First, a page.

Loon bird (Gavia fam.)



Loon birds (Gavia fam.)

***** Location: North America
***** Season: Summer and see below
***** Category: Animal


The Loons (N.Am.) or Divers (UK/Ireland) are a group of aquatic birds found in many parts of North America and northern Europe. A loon is the size of a large duck or small goose, which it somewhat resembles in shape when swimming, but they are completely unrelated to waterfowl.

Their plumage is largely black-and-white, with grey on the head and neck in some species, and a white belly, and they have a spear-shaped bill. All living species of loons are members of one genus (Gavia) in a family (Gaviidae), and order (Gaviiformes) all of their own.

During the summer, loons nest on freshwater lakes and/or large ponds.
Usually one or two eggs are laid in June.

© WIKIPEDIA with more

loon chicks, kigo for summer
loon, some poets suggest as kigo for winter, others for spring.

Bill Higginson, Haiku World (1996)
"Loons go north for the summer, when their striking breeding plumage and calls and displays make them a seasonal topic around lakes in the northern reaches of the north temperate zone.
(Japan and most of coastal US see loons in winter, when their plumage is dull and their habits less noticeable)."


Quotes by Thoreau, Henry David

In the fall the loon (Colymbus glacialis) came, as usual, to moult and bathe in the pond, making the woods ring with his wild laughter before I had risen.... When I went to get a pail of water early in the morning I frequently saw this stately bird sailing out of my cove within a few rods.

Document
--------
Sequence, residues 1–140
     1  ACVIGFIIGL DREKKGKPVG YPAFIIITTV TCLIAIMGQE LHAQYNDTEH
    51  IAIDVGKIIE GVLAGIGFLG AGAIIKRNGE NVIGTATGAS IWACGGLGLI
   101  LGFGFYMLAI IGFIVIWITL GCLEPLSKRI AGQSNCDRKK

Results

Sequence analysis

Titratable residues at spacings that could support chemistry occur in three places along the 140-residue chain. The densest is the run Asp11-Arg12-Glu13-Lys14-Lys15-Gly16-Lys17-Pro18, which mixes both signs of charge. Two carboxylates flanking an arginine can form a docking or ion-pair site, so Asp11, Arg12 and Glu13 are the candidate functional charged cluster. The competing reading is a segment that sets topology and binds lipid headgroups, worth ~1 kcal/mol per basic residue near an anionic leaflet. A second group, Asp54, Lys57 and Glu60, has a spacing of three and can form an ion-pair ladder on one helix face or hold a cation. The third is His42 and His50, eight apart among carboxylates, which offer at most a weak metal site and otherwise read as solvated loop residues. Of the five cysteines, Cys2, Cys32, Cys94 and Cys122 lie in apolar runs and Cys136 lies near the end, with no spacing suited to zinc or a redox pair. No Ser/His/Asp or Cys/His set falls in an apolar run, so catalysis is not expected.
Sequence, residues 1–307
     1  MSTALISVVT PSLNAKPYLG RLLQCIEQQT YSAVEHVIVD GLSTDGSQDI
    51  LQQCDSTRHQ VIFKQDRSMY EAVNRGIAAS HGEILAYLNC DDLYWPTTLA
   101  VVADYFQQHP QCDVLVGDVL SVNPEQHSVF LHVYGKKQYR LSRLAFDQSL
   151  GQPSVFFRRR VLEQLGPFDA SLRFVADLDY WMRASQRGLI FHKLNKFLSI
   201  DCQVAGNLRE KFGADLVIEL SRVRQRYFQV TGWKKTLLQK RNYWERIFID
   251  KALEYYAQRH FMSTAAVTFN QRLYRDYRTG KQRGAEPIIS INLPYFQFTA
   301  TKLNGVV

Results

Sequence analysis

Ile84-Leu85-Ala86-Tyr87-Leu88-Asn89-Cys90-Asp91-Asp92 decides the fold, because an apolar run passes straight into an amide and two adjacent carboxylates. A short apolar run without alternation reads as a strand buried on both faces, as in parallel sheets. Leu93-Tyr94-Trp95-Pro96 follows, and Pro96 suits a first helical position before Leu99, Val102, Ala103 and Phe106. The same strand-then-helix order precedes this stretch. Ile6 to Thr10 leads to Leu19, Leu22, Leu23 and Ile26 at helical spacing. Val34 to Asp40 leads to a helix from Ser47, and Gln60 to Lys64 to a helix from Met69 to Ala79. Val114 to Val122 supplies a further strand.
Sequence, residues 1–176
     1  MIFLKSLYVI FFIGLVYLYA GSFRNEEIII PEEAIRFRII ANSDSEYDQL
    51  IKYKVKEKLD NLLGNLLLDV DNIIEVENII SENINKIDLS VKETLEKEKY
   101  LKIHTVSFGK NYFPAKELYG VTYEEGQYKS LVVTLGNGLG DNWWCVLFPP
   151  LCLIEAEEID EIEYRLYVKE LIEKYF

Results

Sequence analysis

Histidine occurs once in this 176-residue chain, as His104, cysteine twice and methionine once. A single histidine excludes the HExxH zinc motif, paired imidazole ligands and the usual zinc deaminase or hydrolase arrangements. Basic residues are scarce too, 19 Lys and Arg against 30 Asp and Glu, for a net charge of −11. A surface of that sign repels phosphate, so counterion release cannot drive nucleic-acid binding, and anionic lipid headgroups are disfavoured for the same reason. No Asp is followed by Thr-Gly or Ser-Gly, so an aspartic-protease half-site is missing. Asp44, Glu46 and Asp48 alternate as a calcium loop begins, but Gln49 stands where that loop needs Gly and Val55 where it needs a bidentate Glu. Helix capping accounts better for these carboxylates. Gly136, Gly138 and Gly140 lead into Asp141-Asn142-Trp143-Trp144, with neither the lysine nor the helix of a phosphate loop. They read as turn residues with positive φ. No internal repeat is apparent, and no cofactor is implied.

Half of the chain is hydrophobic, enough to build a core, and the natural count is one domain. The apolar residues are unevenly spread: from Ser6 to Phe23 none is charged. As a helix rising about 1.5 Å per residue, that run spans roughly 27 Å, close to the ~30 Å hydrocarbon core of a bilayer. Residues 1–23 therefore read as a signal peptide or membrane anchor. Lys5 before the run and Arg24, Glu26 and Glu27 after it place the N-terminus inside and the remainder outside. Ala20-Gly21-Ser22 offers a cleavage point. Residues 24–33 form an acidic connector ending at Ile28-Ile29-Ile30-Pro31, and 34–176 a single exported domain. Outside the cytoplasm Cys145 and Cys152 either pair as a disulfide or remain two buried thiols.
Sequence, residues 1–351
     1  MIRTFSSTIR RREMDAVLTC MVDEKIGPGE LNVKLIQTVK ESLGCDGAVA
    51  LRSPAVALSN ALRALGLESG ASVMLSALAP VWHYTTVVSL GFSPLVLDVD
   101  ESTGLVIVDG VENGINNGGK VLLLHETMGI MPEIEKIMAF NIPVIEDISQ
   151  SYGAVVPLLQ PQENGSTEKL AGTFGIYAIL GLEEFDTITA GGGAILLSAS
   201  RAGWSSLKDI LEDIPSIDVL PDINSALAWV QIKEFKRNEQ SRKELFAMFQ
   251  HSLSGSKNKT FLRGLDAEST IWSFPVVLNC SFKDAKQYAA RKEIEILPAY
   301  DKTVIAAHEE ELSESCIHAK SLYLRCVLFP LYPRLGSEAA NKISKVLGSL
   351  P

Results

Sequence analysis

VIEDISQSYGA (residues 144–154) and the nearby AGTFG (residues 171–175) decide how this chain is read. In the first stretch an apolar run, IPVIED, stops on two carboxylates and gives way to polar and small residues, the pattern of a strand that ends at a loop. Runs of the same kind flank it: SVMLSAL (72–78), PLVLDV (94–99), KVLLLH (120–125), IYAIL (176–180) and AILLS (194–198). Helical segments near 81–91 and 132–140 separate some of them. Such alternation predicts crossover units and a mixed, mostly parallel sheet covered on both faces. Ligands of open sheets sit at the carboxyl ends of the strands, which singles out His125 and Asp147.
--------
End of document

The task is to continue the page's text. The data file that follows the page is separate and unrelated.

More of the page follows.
If I endeavored to overtake him in a boat, in order to see how he would manuvre, he would dive and be completely lost, so that I did not discover him again, sometimes, till the latter part of the day. But I was more than a match for him on the surface. He commonly went off in a rain.


This is of the loon's do not mean its laugh, but its looning, is a long-drawn call, as it were, sometimes singularly human to my ear, hoo-hoo-ooooo, like the hallooing of a man on a very high key, having thrown his voice into his head. I have heard a sound exactly like it when
breathing heavily through my own nostrils, half awake at ten at night, suggesting my affinity to the loon; as if its language were but a dialect of my own, after all.


Formerly, when lying awake at midnight in those woods, I had listened to hear some words or syllables of their language, but it chanced that I listened in vain until I heard the cry of the loon. I have heard it occasionally on the ponds of my native town, but there its wildness is not enhanced by the surrounding scenery.


I am no more lonely than the loon in the pond that laughs so loud, or than Walden Pond itself. What company has that lonely lake, I pray?



*Mould, Tom 1969-*

*Loon: Memory, Meaning, and Reality in a Northern Dene Community (review)*
Journal of American Folklore - Volume 117, Number 464, Spring 2004, pp. 213-214

American Folklore Society: search for LOON

Compiled by Isa Kocher

Worldwide use


loon, ahi アビ
This is not a kigo.

Things found on the way


breaking silence --
the loon's song
echos to another



common loons
glide gracefully past
bits of ice



Related words

***** Grebe (Podiceps family of Birds) Kaitsuburi (Japan)

***** Water birds, mizudori 水鳥


No comments: